The sales tax on groceries is a cruel tax on survival. It drives struggling people deeper into poverty. Here’s why Alabama should end this tax – and how to do it:
- Alabama is one of only three states with no tax break on groceries.
- The state grocery tax is 4%, equal to two weeks’ worth of groceries each year.
- Alabama should untax groceries quickly and responsibly. That means ending the state grocery tax now, not over several years. And it means replacing that lost revenue for education in a way that doesn’t harm struggling families.
- Alabama can protect education funding by limiting or ending its state income tax deduction for federal income taxes (FIT). The FIT deduction is a skewed tax loophole that overwhelmingly benefits rich households.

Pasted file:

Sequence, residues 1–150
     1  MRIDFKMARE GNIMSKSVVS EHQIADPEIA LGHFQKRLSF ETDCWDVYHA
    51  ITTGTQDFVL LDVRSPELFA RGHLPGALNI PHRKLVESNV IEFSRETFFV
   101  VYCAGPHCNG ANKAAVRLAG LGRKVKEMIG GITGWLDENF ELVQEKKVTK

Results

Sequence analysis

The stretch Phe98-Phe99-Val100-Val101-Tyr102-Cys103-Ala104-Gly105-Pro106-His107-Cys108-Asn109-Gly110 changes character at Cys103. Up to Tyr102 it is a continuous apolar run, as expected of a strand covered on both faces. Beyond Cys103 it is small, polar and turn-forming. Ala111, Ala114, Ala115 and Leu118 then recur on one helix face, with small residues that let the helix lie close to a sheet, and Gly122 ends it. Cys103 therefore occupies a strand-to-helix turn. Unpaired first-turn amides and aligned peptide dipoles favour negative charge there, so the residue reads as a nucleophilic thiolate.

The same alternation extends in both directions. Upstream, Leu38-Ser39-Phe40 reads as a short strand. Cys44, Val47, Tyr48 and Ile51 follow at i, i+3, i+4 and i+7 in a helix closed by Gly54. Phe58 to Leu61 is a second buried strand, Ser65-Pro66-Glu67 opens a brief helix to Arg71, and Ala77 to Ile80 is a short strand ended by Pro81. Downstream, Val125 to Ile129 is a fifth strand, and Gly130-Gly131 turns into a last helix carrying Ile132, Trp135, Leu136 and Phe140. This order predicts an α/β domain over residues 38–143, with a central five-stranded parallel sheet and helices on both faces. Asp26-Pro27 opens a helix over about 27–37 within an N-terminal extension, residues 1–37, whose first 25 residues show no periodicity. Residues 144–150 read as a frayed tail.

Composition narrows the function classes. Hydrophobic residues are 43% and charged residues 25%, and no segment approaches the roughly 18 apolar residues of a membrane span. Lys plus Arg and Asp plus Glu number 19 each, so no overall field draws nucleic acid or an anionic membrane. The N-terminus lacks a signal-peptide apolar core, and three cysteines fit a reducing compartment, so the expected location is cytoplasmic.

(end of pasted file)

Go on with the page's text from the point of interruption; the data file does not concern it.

Two promising ideas have emerged to untax groceries and protect education funding by closing the FIT loophole. Both plans would be a significant tax cut for a large majority of Alabamians:
- The best approach would be to end the state grocery tax and eliminate the FIT deduction on both corporate and individual income taxes. This plan would replace the grocery tax revenue and raise more than $400 million a year for Alabama’s underfunded public schools.
- Another proposal would end the state grocery tax and cap the FIT deduction. This plan would replace the grocery tax revenue but would not raise any additional money for public schools.
Untaxing groceries quickly and responsibly would boost economic security for all Alabamians. By closing the FIT loophole, our state could make life better for families and protect funding for public schools.